Remove the Layer of Crust and Crud from Your Lights
Starting with a clean headlight, you’re ready to begin the renewal process. Attach the 1000 grit sanding disc to the holder. Wet the sandpaper (I repeatedly dipped it in a cup of water) and sand your entire headlight in a smooth side to side motion. Use moderate pressure without pressing too hard. Don’t worry about going too far with it because the rest of the kit is designed to pick up where the 1000 grit sanding left off. After about 5 minutes of sanding, wipe the headlight using the included towel and swap the sanding disc for the 3000 grit paper. This time you will sand in an up and down motion, making sure you over all of the headlight real estate. You’ll start to see things really smooth out now. Do this for about 5 minutes, keeping the sanding disc wet the whole time.
Polishing Your Headlights to a Brilliant Restored Shine
Wipe the headlight with the cloth again, and install the polishing pad on your drill. A corded drill works best if you have one, but cordless will do fine. Apply a nickel-sized blob of polish to the buffing pad, then press it to the headlight before you turn on the drill. Start polishing the headlight back and forth in sections. Don’t let the polish bake into the light in hot sun, wipe it away if you need to. There’s no limit to how much you can polish the lens. Keep going until you feel it’s shiny enough.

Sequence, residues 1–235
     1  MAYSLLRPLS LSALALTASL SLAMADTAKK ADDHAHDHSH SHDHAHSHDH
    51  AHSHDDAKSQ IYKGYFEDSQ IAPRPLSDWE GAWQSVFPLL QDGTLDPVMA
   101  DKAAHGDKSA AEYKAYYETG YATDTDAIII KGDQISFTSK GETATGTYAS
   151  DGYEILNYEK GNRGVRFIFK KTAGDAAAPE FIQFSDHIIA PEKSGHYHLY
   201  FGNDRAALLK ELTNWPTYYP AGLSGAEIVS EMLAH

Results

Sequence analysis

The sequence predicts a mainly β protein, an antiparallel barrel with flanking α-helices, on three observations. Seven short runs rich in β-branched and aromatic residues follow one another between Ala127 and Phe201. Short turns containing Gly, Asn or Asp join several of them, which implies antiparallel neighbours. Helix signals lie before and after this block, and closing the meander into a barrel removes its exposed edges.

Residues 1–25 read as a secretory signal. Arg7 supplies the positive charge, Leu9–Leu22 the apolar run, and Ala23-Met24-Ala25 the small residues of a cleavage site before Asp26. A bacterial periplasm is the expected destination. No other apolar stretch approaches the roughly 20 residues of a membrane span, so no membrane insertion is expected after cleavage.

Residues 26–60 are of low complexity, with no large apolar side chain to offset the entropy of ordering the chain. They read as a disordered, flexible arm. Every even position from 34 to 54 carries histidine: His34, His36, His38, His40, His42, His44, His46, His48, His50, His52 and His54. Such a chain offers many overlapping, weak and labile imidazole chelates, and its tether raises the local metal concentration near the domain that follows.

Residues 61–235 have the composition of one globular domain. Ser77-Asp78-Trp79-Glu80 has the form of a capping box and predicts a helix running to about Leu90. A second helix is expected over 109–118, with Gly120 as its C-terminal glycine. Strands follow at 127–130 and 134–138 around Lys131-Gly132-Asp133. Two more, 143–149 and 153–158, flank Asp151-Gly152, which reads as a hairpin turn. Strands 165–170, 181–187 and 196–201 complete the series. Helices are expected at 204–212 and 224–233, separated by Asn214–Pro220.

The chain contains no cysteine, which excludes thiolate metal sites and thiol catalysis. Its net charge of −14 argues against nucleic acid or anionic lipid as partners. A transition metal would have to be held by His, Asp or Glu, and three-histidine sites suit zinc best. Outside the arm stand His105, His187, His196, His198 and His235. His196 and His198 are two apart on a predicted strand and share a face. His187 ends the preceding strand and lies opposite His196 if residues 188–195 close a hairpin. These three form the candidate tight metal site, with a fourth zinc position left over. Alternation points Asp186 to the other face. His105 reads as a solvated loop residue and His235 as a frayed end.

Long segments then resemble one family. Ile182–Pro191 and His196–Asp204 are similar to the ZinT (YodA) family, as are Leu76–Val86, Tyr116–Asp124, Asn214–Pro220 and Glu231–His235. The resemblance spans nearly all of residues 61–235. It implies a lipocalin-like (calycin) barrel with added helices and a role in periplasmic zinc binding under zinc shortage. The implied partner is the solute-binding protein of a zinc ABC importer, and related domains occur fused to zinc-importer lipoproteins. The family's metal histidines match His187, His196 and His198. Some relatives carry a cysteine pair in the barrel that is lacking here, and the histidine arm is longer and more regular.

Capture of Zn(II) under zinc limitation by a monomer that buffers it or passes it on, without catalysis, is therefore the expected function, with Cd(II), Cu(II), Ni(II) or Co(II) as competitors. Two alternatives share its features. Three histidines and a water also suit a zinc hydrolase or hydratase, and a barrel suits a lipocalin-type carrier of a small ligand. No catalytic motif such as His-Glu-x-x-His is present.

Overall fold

Behold Your Clear, Shiny, Restored Headlights!
You’ve successfully restored your faded, yellowed, ugly headlights. Not only can you now enjoy them, you have the satisfaction of knowing you did it yourself. Sit back, admire your work, and then show it off to your loved ones so they can shrug and wonder what all of the fuss is about.
Depending on the model, this is not always an easy job and if not done with extreme caution, damage to the vehicle or paint can be done. Remember to always seek a professional for Auto Repair Estimates in Santa Barbara.
Article Sourced By autorepair.about.com
Facelift Time: Should You Repaint or Replace Your Wheels?